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A Day for Research
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The weekend is here, which doesn't mean as much to me as it used to before I turned freelance nearly twelve years ago (i.e. lost my job). I guess that makes me a bit like the Romans of the early empire to whom weekends meant nothing. They didn't have weekends. Because they didn't have weeks.

Near as I can puzzle it out, the Romans regulated their affairs on a monthly basis. Days were figured by their relationship to the Kalends (first day of the month), the Nones (nine days before the Ides), and the Ides (the day of the full moon). (To make things worse, since some months were longer than others, the Nones and Ides didn't always fall on the same day of the month). Other days were referred to according to the number of days they fell before the Kalends, Nones or Ides.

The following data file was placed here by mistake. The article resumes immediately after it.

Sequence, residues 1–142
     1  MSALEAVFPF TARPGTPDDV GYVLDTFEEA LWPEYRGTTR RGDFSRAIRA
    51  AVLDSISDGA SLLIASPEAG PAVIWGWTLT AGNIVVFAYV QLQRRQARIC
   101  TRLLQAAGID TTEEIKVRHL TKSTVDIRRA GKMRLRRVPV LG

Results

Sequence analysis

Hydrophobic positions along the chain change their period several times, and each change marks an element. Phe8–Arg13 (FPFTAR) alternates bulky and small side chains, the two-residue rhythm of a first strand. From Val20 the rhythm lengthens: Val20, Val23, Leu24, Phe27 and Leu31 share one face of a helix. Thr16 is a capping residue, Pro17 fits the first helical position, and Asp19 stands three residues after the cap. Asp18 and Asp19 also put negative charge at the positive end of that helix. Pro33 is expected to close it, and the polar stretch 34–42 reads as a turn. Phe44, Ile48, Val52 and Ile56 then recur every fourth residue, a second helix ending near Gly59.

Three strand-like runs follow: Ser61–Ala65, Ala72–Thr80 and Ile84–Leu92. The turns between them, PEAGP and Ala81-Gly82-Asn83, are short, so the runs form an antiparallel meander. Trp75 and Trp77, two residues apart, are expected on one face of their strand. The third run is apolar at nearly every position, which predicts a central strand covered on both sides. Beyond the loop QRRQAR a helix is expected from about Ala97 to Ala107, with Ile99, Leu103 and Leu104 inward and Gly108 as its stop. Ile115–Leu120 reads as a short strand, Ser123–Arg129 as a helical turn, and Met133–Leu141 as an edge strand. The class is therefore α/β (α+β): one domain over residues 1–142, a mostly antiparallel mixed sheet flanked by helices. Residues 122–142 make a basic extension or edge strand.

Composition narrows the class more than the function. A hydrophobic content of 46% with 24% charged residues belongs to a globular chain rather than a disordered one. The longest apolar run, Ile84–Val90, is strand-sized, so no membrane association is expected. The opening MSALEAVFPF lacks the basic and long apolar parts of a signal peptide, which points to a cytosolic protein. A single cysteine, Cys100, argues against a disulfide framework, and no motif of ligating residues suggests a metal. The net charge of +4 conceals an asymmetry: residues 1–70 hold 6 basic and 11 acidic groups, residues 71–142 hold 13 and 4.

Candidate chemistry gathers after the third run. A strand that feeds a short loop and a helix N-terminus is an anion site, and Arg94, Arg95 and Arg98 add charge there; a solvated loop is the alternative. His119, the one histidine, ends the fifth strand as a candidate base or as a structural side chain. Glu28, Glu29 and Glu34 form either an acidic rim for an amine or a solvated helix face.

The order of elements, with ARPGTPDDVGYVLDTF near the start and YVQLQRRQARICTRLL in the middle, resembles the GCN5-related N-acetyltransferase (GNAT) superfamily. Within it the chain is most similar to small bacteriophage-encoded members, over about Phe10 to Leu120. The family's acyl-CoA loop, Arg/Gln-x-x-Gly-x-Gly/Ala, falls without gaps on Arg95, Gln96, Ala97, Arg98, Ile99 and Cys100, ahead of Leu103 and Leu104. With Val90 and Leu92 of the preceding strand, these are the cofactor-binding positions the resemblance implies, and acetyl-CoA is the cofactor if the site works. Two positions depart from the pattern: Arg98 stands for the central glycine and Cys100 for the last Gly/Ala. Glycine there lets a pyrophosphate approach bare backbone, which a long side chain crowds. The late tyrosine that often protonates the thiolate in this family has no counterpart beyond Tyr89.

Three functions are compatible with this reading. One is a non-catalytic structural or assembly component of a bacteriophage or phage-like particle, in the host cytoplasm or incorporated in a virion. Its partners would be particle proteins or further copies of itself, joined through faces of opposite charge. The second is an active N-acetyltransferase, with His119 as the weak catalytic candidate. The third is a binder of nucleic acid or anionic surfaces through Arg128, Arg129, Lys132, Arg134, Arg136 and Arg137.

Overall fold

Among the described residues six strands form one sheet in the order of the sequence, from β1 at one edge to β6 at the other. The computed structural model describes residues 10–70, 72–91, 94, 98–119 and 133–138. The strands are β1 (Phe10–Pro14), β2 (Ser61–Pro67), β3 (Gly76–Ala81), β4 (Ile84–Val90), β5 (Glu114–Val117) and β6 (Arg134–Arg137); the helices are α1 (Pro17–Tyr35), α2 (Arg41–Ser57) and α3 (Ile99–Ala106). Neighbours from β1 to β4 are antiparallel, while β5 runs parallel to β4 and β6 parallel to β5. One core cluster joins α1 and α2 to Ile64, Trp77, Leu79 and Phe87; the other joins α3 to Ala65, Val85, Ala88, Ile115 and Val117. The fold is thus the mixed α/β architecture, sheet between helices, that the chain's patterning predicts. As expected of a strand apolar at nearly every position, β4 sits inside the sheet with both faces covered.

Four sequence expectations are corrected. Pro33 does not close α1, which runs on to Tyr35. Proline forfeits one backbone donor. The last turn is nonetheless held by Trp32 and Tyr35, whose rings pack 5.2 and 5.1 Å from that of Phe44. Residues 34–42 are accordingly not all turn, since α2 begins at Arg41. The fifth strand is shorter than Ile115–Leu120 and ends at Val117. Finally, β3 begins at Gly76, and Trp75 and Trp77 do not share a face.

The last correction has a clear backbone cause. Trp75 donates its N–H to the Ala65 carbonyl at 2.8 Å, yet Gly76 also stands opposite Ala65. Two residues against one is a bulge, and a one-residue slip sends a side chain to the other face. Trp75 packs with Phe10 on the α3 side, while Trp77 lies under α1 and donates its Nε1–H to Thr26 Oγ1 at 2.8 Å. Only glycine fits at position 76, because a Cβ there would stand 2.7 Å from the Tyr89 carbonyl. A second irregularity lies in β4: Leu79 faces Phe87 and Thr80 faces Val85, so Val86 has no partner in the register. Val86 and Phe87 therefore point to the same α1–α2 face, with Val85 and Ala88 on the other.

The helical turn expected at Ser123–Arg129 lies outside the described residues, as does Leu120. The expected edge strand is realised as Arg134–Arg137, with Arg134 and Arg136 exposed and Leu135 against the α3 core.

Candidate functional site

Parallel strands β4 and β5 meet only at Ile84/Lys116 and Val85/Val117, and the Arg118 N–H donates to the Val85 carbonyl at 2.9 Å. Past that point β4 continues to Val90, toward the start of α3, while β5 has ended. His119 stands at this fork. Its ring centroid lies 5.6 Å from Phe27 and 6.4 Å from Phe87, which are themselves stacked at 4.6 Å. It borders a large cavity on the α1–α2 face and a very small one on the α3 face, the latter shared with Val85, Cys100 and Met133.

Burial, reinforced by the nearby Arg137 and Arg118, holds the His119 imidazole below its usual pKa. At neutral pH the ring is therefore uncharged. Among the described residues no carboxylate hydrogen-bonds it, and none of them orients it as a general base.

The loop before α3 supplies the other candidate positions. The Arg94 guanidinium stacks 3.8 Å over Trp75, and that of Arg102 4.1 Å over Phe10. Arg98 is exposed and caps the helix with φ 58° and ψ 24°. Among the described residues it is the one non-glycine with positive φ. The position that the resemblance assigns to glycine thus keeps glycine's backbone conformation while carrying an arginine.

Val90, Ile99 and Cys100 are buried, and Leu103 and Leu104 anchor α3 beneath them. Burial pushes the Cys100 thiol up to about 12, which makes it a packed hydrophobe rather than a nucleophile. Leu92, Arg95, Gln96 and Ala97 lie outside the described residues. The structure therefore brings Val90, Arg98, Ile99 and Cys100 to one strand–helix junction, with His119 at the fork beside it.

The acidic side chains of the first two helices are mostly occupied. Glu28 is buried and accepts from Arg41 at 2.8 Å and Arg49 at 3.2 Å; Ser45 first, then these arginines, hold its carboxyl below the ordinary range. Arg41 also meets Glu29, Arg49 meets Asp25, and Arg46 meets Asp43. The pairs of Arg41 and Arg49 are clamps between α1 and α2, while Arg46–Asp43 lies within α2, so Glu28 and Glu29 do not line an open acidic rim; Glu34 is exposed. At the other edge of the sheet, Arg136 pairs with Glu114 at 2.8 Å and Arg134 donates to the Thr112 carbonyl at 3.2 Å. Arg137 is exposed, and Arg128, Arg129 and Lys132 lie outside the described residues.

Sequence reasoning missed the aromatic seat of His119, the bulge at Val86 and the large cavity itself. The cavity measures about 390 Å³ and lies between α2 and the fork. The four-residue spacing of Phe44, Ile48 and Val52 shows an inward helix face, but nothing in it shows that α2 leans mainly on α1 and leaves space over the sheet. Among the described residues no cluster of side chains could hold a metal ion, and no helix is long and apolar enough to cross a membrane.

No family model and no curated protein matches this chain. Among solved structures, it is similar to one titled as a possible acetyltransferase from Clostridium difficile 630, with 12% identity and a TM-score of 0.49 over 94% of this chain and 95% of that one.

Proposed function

No wonder the plotters decided to make thing easier on themselves and stab Caesar right smack on the Ides.

Would we remember the date if it had been a more typical one? Beware the fifteenth day before the Kalends of April doesn't have quite the same ring to it.

The Babylonian, Jewish and Christian cultures all used a seven day system which had essentially been adopted by the Romans long before 386 when Emperor Theodosius I, officially abolished the old Roman calendar and declared Sunday a holy day.

So luckily we don't need to deal with it in our sixth century Byzantine mysteries.

I learned a lot more about the history of the Roman calendar yesterday while doing some writing research. Unfortunately I still haven't found out whether Theodosius II actually did expel the Jewish population of Constantinople from the area known as the Copper Market, which is what I was looking for.

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